The supernova explosions are responsible for the gradual enrichment of the interstellar medium by heavy elements. The observed relative abundance trends as function of metallicity provide some information about nucleosynthesis and formation rate of various types of supernovae. The new generation of 4-10 m telescopes has drastically improved the quality of spectroscopic observations. In the meantime, computing tools allow to study a NLTE spectral line formation in such complex atoms as Fe. Thanks to these advances we have recently discovered new interesting abundance trends for O, S and N (Israelian et al. 1998, ApJ, 507, 805; 2001, ApJ, 551,833; 2004, A&A, 421, 649). Furthermore, it was shown that a standard 1D models of atmospheres of a metal poor giants are unable to resolve conflicts between different abundance indicators of oxygen and magnesium (Israelian et al. 2004, 419, 1095). It is planned to continue consistent abundance studies in a selected sample of metal poor stars with a goal to understand why and when 1D models fail as spectrum synthesis tools.
We have used a large sample of FGK type dwarf stars for which precise abundances of C have been obtained using high resolution HARPS spectra for a sample of 1110 FGK stars. We have analyzed the possible relationship between the presences or not of planets in these stars. No differences were found between the samples, suggesting that stars with planets do not have a different footprint as far as C is concerned. There is no dependence between the abundance of [C / Fe] with respect to the metallicity of the stars. At low temperatures an abnormal behaviour of [C / Fe] is observed. Due to the amount of blends at these temperatures, the measurements at Teff <5200K should be taken with caution.
Possible correlations between the existence of planetary companions and the abundance of the relative elements of their stars have been studied. We have analyzed the C / O and [C / o] ratio and possible correlations between stars with planets and the abundance of their stars. A first analysis of the data suggests that stars with high mass planet show higher proportions of [℅]. However, we find that the ratio [℅], as well as the ratio [Mg / Si] depends largely on the metallicity through chemical evolution of the galaxy. After the elimination of galactic evolution only the difference in the elemental [C / O] relationship between hosts with high mass planets and stars without planets was present in a significant way. These results suggest that high mass planets are more frequent around stars with high [C / O]. Regarding the ratio ℅, no differences were found between the samples studied. We have also studied the Mg / Si ratio, extending previous studies of [Mg / Si]. We did not find, as with the ratio, differences between the samples.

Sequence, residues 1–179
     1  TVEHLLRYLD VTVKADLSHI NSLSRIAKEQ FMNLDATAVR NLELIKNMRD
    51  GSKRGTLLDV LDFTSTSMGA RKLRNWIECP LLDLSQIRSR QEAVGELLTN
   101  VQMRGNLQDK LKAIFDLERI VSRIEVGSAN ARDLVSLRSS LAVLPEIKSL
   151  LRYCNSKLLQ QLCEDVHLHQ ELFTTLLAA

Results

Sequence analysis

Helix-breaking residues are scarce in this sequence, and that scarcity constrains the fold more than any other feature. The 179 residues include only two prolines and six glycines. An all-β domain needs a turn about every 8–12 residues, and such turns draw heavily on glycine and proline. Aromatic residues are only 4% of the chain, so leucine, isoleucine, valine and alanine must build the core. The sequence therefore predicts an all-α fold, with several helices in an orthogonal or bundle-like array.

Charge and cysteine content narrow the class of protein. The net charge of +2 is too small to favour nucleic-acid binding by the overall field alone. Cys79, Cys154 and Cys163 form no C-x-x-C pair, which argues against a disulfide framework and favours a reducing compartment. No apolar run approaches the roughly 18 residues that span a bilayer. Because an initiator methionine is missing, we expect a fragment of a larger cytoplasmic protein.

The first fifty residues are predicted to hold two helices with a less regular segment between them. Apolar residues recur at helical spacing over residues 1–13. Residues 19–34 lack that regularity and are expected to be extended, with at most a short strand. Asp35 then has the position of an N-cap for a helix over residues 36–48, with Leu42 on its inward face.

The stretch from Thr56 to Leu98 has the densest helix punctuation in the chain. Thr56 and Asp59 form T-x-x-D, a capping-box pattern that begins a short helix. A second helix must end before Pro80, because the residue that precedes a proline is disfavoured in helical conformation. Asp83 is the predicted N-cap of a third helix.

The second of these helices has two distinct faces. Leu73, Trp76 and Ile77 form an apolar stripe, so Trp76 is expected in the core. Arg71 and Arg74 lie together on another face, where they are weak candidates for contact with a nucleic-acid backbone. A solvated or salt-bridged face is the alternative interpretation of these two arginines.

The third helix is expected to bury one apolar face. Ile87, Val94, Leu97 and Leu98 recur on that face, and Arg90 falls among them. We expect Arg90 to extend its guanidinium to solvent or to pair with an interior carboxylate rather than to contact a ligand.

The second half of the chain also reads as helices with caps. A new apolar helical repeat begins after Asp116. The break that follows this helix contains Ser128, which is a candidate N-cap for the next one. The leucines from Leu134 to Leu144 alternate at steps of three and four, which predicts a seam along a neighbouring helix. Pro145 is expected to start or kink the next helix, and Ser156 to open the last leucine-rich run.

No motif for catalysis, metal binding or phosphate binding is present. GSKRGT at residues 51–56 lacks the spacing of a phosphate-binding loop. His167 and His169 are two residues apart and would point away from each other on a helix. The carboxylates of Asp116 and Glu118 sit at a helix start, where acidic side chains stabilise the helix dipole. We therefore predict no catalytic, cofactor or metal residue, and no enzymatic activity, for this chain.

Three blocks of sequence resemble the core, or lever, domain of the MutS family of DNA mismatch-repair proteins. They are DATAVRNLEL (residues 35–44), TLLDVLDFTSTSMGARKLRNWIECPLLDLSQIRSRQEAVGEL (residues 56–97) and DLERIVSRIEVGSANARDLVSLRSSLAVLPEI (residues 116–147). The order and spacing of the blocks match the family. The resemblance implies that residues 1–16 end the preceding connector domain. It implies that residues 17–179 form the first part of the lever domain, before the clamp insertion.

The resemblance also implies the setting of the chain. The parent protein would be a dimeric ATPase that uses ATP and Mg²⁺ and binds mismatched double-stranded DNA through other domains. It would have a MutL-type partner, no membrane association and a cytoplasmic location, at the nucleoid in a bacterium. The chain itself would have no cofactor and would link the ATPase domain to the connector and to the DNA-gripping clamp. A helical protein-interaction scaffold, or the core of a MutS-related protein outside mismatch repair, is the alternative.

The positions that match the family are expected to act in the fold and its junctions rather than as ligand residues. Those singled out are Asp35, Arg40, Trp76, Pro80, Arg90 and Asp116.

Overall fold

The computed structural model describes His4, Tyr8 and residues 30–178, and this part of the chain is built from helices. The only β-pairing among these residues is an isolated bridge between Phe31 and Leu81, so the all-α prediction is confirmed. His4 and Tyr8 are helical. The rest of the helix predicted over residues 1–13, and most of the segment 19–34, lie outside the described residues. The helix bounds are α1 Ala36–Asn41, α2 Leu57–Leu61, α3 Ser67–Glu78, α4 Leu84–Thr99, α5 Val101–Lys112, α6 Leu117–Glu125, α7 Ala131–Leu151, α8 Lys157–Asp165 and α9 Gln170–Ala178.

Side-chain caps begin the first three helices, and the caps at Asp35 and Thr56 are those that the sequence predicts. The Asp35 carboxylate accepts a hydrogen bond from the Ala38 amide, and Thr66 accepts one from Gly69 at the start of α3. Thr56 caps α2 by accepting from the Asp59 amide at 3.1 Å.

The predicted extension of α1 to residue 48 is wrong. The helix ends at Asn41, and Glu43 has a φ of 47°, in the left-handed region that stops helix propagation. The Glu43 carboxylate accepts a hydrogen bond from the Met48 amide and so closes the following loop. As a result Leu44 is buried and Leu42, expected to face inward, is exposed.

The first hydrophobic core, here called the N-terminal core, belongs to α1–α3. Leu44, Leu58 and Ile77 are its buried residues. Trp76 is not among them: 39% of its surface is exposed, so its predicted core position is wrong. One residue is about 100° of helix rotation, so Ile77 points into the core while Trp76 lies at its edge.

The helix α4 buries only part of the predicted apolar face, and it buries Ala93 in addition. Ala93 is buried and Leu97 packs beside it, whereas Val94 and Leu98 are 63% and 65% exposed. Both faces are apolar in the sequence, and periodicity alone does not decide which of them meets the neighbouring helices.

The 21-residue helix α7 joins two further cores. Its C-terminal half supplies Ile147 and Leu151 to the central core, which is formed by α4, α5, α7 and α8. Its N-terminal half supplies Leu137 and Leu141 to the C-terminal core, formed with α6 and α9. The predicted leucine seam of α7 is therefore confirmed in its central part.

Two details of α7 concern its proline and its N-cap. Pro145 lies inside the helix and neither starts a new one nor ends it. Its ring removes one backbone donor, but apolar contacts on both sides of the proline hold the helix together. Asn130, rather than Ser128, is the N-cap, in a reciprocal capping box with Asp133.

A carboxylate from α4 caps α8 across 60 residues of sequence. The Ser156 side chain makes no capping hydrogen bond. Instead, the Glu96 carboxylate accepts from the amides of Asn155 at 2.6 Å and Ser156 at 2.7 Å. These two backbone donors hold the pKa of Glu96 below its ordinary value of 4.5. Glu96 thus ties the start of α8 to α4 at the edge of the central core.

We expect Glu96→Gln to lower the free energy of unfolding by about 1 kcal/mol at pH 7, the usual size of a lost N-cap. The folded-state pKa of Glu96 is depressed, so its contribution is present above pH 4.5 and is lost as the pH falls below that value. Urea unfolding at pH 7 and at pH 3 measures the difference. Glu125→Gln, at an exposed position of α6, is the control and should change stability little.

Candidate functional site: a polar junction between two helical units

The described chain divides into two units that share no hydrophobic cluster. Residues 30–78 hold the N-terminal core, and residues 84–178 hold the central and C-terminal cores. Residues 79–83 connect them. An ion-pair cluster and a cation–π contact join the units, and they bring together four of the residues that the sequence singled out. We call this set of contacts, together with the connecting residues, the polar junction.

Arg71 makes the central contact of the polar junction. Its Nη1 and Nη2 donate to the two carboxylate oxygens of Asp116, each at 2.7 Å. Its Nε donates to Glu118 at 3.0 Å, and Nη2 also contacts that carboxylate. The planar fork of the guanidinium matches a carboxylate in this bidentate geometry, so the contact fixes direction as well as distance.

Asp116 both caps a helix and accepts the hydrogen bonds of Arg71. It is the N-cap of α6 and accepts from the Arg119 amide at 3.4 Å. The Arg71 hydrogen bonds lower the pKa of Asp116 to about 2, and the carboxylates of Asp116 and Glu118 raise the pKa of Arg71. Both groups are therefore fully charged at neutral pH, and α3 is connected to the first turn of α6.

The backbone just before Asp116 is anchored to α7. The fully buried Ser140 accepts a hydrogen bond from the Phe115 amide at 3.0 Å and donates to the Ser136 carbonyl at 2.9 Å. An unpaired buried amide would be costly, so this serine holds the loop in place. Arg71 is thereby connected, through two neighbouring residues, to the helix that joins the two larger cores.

Combining the results of the ratios, we performed a study of planetary formation, based on the possible formation of compounds. It has been found that from a sample of 502 stars, all have ℅ <0.8, so the presence of graphite, TiC and SiC will be important. In addition, the Mg / Si ratio will determine how we will find these compounds. In both planetary samples, both high and low mass planets, the compounds will divide almost equally between a ratio of less than 1 (where orthopyroxenes and feldspars will form) and a ratio between 1 and 2 (where both olivine and Pyroxenes will be present).